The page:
As if the European crisis wasn’t enough. Yesterday’s unemployment report was a stark reminder that our own economy is by no means out of the woods yet. U.S. employers added only 69,000 jobs to their payrolls, far less than the 150,000 that most economists projected. The unemployment rate also ticked up to 8.2%. This sent the markets into a tailspin with the Dow Jones Industrial Average (chart) losing 274.88 points, the Nasdaq (chart) -79.86, the S&P 500 (chart) -32.29 and the Russell 2000 (chart) -24.40 points. Couple yesterday’s tape with the 6%+ decline for the key indices in May, and you have almost a 10% correction in a month and a day!
Too far too fast? Not so sure? Unless the governments and central banks unite over this weekend and come up with some sort of an additional stimulus plan, we could be in for further downward pressure on Monday and the rest of next week. I am not suggesting that the central banks should step in every time we have a market meltdown, but with the incessant debt crisis in Europe and now our own economy faltering, there may not be another alternative.
As an investor/trader in this type of market environment, one must exercise extreme caution. For me it would be easy to say “well the markets have now officially broken down and broke through key technical support levels, let’s go short” and probably that strategy would work. However, I have seen this movie before in whereas technically and fundamentally speaking equities appear to heading a lot lower. Then you wake up one morning and indeed the governments from around the world come up with a blanket plan to place a floor under the markets and then the massive rally begins.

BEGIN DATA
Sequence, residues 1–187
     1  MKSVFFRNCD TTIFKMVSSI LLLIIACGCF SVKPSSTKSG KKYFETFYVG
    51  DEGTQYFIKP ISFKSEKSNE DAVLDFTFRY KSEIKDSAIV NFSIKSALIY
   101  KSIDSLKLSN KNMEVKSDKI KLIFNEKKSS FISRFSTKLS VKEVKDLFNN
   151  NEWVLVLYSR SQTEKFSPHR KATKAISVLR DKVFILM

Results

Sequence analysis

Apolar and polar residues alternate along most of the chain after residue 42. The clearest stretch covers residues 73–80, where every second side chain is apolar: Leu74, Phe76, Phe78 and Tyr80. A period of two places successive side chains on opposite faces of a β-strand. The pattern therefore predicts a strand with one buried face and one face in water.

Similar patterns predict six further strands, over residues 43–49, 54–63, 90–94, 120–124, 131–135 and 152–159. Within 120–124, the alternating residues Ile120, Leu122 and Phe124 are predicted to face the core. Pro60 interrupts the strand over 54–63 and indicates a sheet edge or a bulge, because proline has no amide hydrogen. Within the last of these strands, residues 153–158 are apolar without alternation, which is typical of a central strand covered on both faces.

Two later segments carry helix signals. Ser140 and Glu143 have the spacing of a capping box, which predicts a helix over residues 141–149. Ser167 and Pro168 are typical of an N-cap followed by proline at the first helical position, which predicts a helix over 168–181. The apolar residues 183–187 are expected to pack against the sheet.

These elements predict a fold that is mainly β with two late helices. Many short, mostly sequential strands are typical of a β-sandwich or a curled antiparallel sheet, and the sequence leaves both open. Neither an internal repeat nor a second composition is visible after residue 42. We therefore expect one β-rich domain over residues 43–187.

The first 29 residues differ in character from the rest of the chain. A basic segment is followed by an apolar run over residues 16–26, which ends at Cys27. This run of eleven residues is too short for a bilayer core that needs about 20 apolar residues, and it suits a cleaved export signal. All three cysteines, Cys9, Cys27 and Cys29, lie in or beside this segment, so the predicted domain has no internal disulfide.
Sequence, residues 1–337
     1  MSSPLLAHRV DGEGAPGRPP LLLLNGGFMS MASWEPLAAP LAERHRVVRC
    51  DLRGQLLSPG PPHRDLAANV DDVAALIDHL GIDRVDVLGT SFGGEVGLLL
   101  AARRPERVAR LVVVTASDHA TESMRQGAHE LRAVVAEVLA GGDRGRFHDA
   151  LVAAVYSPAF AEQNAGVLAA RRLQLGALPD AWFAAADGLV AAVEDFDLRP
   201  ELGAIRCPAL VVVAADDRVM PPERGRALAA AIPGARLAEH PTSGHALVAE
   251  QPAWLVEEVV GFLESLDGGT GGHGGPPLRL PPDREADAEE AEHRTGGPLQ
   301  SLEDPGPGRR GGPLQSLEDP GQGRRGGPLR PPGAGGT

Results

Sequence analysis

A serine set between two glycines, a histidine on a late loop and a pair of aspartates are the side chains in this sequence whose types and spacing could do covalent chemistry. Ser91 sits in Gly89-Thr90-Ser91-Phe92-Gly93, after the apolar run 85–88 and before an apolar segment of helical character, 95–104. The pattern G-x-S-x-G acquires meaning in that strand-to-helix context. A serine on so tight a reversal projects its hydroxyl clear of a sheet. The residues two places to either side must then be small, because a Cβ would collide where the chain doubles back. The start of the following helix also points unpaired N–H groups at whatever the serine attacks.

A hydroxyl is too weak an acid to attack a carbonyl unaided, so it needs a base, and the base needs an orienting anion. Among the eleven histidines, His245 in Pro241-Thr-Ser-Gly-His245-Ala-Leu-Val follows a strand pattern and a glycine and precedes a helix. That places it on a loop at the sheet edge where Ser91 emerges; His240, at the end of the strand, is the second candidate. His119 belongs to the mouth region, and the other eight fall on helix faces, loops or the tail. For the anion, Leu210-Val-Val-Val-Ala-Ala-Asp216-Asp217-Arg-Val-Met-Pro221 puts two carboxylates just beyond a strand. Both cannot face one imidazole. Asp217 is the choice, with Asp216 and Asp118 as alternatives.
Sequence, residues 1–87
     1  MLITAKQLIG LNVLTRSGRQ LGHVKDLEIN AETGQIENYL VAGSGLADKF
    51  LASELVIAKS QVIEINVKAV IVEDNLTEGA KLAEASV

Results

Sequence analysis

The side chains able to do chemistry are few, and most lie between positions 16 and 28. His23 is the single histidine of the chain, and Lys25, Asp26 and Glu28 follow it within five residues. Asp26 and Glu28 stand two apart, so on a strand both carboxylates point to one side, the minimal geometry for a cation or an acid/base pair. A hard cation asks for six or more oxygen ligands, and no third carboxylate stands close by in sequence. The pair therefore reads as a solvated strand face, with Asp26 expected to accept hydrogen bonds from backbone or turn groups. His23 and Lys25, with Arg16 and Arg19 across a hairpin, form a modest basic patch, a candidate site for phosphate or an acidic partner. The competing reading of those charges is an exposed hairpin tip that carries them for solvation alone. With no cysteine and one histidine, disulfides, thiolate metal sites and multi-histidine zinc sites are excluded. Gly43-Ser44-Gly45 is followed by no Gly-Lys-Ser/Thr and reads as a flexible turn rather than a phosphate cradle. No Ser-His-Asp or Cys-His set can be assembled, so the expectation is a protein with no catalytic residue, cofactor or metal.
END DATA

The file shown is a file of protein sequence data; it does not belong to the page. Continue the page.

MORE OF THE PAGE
Point being this, we live in a very different world today and what appears to be undervalued or for that matter overvalued in the marketplace, it really doesn’t matter. So long as you have accommodative Fed policies, the markets will trade according to the central bank(s) guidelines, not on fundamentals. Good luck to all.
Have a great weekend 🙂